Starting a Ministry

Coaching Multiple Movements

Postcards From Corinth

Occasionally you will disciple others who are either leading a small ministry or attempting to begin one. Let’s say, for example, your disciples want to start a fraternity ministry or perhaps launch an Impact movement. They need someone to disciple them in leading or starting a ministry. Competency in this task is ultimately the key to developing multiple movements on the same campus or coaching ministries on several campuses concurrently (catalytic). Your disciples will need coaching and direction in the following areas.


Show them how to do a strategic plan. Help them articulate an attainable goal, something that can be written out on paper. Practically speaking, together you are not planning out an entire ministry. You’re helping them to start a specialized or contextualized small group that reaches one of the many separate and distinct campus communities. Only when multiple groups have formed will you need to think in broader ministry terms. The goal I usually move them toward is a contextualized small group with 12 to 15 members. It’s tangible, and the steps to get there become fairly obvious.

With that as your north star, help them think through the logical steps that must happen to get there. There must be clear action steps and without you they simply will not be able to conceive of them. What follows are some of those key action steps.


The first step in launching this small group is to decide when, where, and what the small group should study. Content is shaped by two things: the audience you are targeting (African Americans, Greeks, a sorority, etc.), and topics that audience might find interesting. If you can not find specialized content, such as “Bible Studies for Greeks,” then you must think in terms of topics that have drawing power: The DaVinci Code, Groups Exploring God, Revelation and the Middle East, etc.


Your disciples will need some training on how to lead a small group. Think through what you would want them to know, buy them The Ultimate Road Trip, and give them an opportunity to watch you lead your study.


Next, coach them in how to publicize the new group. Identify the target audience such as the Asian Christian Fellowship). You are seeking to gather Christians who are members of this community, because to get started you’ll need a critical mass of people.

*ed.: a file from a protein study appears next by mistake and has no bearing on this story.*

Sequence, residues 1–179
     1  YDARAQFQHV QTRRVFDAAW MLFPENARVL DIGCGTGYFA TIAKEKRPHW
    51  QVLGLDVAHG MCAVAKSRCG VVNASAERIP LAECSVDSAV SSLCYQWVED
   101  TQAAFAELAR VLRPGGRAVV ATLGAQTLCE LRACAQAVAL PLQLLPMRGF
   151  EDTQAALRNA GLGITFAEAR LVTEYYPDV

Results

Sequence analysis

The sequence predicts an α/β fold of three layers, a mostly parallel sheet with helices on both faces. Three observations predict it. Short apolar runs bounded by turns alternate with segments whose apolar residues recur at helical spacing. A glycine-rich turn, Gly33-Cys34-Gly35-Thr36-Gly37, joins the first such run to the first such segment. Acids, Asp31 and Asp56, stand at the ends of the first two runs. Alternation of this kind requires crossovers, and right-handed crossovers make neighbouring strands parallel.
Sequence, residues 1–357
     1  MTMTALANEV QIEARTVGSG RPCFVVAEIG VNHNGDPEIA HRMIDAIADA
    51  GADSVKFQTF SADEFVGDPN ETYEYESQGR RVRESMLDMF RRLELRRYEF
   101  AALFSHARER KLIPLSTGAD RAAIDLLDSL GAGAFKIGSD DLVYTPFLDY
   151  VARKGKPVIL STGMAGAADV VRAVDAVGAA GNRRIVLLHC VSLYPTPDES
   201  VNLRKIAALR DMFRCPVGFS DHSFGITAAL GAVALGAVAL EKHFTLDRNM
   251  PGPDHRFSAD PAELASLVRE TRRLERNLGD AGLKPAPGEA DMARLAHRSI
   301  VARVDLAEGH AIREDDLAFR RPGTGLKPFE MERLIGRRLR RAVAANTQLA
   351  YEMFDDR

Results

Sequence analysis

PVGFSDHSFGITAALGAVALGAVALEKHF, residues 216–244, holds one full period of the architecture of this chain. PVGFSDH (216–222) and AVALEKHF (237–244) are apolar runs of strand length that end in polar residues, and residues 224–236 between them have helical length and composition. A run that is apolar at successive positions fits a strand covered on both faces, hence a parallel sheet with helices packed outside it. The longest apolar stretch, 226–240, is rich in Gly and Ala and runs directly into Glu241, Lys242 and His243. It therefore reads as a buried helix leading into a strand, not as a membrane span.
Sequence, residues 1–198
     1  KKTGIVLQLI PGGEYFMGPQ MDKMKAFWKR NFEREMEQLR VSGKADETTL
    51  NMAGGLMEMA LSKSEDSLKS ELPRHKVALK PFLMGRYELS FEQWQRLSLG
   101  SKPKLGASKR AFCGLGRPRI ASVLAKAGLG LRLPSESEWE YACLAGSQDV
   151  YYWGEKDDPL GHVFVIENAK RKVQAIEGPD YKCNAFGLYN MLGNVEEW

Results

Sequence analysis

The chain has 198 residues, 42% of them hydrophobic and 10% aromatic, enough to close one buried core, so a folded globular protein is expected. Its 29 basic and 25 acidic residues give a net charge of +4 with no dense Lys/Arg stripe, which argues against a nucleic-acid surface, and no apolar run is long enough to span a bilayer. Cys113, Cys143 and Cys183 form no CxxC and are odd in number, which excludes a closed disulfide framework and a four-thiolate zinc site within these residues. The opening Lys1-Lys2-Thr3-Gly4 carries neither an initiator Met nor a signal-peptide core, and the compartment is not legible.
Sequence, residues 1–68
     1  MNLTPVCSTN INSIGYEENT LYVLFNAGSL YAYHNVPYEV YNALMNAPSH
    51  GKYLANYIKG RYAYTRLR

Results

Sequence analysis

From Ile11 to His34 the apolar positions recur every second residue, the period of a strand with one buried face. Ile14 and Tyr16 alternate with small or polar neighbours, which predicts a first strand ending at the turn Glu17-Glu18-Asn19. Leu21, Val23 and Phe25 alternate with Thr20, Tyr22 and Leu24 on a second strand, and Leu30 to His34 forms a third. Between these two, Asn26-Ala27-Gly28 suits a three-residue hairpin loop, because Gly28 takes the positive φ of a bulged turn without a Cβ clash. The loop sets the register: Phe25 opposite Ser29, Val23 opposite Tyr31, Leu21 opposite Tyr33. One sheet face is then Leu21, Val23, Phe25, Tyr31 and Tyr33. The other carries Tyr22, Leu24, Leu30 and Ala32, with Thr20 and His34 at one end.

Then publicize the topic you decided would have drawing power to this audience—“Is Jesus Black, White, or Does It Matter?” If possible, include images of the target audience on the flyer.

Besides flyers brainstorm other ways to publicize this inaugural meeting: surveys, personal invitations, quarter sheets in mailboxes, etc.


You need to debrief with your disciples on what they did in their first meeting, but more importantly be a cheerleader, for they have taken a huge step of faith. Ask questions and give input where needed.


After they have had several small group meetings, revisit the original goals. How are they going to grow the group from five to 12 to 15 people? Brainstorm with them about where they can gather more people. Should they bring in a speaker, do a study on a hot topic, make personal phone calls, or do more publicity? The group needs to go on steroids and gather critical mass; by all possible means help them get the group to a stable dozen and get it out of intensive care.

Why is the goal 12 to 15 students? Realistically, at least half of these people will not return the following year. But if you can begin the next year with a handful of students, the fall influx will quickly bump the group up to 14 or 15 and now you have a ministry. A ministry is usually launched over two years.


Now that the group is up and running, your disciple needs to assemble a core of leaders to help him or her lead. It may be just one other student who has surfaced with a heart to help, but this step is critical. A leadership team allows for some of the more mundane tasks to be spread out, and breeds greater ownership and involvement in those brought into leadership. Give your disciples input on how to form, challenge, and structure the leadership of the small group. You might offer your assistance in meeting with the leadership.


Starting a small group has its own unique path steps, which we have just reviewed, but once the group, which we might now call a ministry, is up and running, the group itself needs a plan to make sure it stays on track. Take your disciples to Acts 2:41-47, and pull out the following components of ministry: prayer, study of the Scripture, community, evangelism, and discipleship. Train them in how to make sure these components are being lived out in the small group, even if it is the lowest level of implementation.


You know the value of a retreat in accelerating a ministry and building relationships. Teach this to your disciples. If they are able to get a handful of their small group to go on a retreat, a conference, or even an overnight function, the small group will become a community.


As your disciples gets new people popping in each week, train them on how to set up and conduct follow-up appointments. They need to get in touch personally with these visitors if they want them to return. Use this as an opportunity to share the gospel, or go through some basic follow up.

With all of this accomplished, your disciples will have the raw material to relaunch in the fall. With experience, a committed core of attendees, a few other leaders, and a whole new crop of incoming freshmen, this small group could very well become a movement which will have its own coaching concerns. But that’s for another day.

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